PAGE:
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Cricket has always been "more than a game" - to some it has seemed like an ethical religion, a training for war, or a high art form; always, though, it has been the quintessentially English sport. The roots of its powerful mythology and romantic literature lie deep in the past, and its values reflect a vanished age - the glorious heyday of late Victorian and Edwardian splendour when golden amateurs consolidated the Empire and withstood the Kaiser. "The Willow Wand" explores in spirited fashion the gap between myth and reality. It looks at amateurism in which the gentlemen were paid more than the players; a folk-hero, W.G.Grace, who was 'too clever to cheat'; the virility cult; the ruthless D.R.Jardine putting down the colonial upstart Bradman; the autocrats of MCC; Lord Harris rooting out Bolshevism at home and building up cricket in India; Sir Pelham Warner upholding the high moral code; Sir Neville Cardus bestowing intellectual respectability on a feudal dream; and - in more recent times - riots in the West Indies, the D'Oliveira affair, and the advent of Kerry Packer.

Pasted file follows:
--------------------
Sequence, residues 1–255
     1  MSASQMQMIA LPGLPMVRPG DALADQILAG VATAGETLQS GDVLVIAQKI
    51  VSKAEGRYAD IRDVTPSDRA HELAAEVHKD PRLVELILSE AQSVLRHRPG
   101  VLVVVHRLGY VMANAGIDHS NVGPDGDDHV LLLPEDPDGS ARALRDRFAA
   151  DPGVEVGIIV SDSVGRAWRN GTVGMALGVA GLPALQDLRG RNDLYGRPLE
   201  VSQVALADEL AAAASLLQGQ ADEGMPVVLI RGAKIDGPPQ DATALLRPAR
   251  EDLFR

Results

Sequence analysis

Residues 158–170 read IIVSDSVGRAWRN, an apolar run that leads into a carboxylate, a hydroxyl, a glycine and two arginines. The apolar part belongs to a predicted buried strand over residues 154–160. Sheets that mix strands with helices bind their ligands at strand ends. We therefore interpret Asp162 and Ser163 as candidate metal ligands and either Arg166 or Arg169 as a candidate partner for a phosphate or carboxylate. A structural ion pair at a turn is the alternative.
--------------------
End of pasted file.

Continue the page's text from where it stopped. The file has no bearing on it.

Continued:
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Sir Derek Birley is the author of several books for Aurum, including The Willow Wand, A Social History of English Cricket and the trilogy Sport and the Making of Britain, which won the British Society of Sports History's Aberdare Literary Award in 1995. He retired as vice-chancellor of the University of Ulster in 1991 after a distinguished career as an educational administrator. He died in 2002.
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Book Description Simon & Schuster Ltd, 1989. Paperback. Condition: New. Never used!. Seller Inventory # P110671699725